Agriculture is a pervasive theme in board gaming, with titles such as Agricola and Viticulture often topping lists of the best board games. There’s something incredibly appropriate about it as a board game theme—the slow but rewarding development of crops over time, the logistics of land management, and economics of resources and labor. So from the moment I heard about Three Sisters, the new farming-themed roll and write game from dynamic duo Matt Riddle and Ben Pinchback, I knew it was a title I wanted in my silo.
Three Sisters is the spiritual successor to the critically acclaimed Fleet: The Dice Game. It features gorgeous cover art by the fabulous Beth Sobel (Wingspan, Viticulture, Arboretum, etc.). The game supports 1–4 players and plays in about 30–60 minutes. Published under Matt and Ben’s own company Motor City Games, you can back it on Kickstarter come March 9, 2021.
A game of Three Sisters is played for eight rounds, with each round finishing with a special event. These events all result in a particular benefit, and since it’s known when and which each event will be triggered, it is possible to plan around them strategically. Strategy is core to Three Sisters. It’s not a game ruled by the luck of the dice roll, nor is it really a game of mitigating randomness and calculating probabilities (this is not to say it’s not an element of gameplay); it’s a game where long term planning is genuinely possible.
Several dice are rolled and placed around the action rondel in ascending value at the start of each round. The dice’s location represents the actions you’ll be able to perform when you draft them, and the pip value determines which garden you’ll be able to water or plant (mitigated by accumulating “Compost”). The next round will have dice placed on locations around the unoccupied rondel locations this round, opening up an additional opportunity for long-term planning.
Planting and watering, one of the more critical sets of game actions, present some fascinating dynamics. The term “three sisters” refers to a technique that Indigenous groups used to better grow corn, beans, and squash—the primary crops in the game. These are the crops grown with the planting and watering actions. Beans can only be grown once your corn is at least two boxes high. It only takes two boxes for beans to produce one victory point, unlike corn, which takes four boxes to fill but produces three victory points. Pumpkins (squash) produce good upon completion, for which every five yields a free, wild action. When you’ve completed two different pumpkins that straddle a perennial flower, you get to take a corresponding action along that track.
Every action interconnects in Three Sisters! It’s very much a game of comboing and chaining, much like my other favorite roll and write, Ganz Schön Clever (That’s Pretty Clever in English markets). To illustrate: Depending on which perennials you decide to focus on developing, it may unlock numerous scoring bonuses, Shed actions, earn you Goods or Compost, Fruit, or Apiary actions. More Goods will unlock more value when you take Farmer’s Market action. Advancing along the Apiary unlocks more Fruit, victory points, or may help you plant/water more crops, further opening the game to even more scoring options. As with any good strategy board game, it requires careful planning to optimize these chain reactions and score the most points.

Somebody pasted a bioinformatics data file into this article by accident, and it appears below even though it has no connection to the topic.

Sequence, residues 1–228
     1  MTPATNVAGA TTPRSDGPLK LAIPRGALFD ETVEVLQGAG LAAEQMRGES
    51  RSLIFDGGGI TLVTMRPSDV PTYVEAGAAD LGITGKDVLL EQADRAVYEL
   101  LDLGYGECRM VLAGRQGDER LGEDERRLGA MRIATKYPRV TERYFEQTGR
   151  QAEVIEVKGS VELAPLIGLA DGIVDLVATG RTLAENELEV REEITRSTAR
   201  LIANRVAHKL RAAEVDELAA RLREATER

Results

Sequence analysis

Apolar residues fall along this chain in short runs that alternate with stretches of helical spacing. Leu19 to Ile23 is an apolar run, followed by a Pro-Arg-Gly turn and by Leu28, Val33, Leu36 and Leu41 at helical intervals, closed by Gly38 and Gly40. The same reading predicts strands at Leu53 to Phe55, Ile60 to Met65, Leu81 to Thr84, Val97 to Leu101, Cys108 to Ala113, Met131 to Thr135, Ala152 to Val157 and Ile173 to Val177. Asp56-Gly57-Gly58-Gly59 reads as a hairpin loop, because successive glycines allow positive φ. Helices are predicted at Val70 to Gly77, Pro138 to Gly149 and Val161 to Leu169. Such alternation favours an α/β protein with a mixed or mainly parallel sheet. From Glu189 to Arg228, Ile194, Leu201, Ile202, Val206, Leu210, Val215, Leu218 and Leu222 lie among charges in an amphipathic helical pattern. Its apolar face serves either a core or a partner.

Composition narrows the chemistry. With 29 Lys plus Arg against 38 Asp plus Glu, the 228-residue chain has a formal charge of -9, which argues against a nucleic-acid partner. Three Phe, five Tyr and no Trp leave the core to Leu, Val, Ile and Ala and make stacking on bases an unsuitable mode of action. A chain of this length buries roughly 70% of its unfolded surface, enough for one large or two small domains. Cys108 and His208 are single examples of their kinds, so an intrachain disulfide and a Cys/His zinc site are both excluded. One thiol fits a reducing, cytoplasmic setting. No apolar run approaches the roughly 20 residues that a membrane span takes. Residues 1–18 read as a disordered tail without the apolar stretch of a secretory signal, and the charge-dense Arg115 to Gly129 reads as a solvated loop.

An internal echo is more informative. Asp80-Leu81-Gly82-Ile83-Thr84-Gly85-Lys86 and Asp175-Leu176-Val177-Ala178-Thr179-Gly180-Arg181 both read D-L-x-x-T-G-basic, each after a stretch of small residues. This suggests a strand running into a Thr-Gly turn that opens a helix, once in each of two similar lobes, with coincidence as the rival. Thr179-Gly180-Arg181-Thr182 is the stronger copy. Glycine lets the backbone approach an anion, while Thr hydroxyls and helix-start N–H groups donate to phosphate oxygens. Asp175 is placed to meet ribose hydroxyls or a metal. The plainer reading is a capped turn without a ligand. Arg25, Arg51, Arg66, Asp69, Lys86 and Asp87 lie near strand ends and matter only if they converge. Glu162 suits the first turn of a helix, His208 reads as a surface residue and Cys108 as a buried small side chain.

Common to many eurogames, players will find it impossible to do everything they want to do in a single play of the game, and you’ll need to focus on one or a couple of strategic paths. Do you try and maximize your Good production to unlock Perennials and bonus actions? Or perhaps you should maximize efforts to earn additional opportunities to plant and water in the Garden? Should you completely ignore the Apiary? Whichever way you decide to go, you’ll find the journey rich and rewarding. And although it behooves you to focus, the gameplay does allow you to mix things up, pick and choose from a myriad of point-earning actions each turn. In this sense, it is indeed a point salad eurogame embodying a roll and write—and indeed, the absolute perfect blend of the two.
I’ve played Three Sisters at all player counts, each many times, including a significant amount of solo gameplay. I can unequivocally say that among the dozen or so different roll and write board games I’ve played, that is by and far my favorite. It isn’t overly simple, nor is it too complicated. There’s a lot of depth to explore within the game, and I’ve had fun each and every play. If you are a fan of eurogames and enjoy the roll and write genre, I strongly encourage you to back Three Sisters on Kickstarter.
Paul Shapiro is Founder and Editor of Board Game Squad. He enjoys all types of games and experiences, but has a particular penchant for medium to heavy eurogames.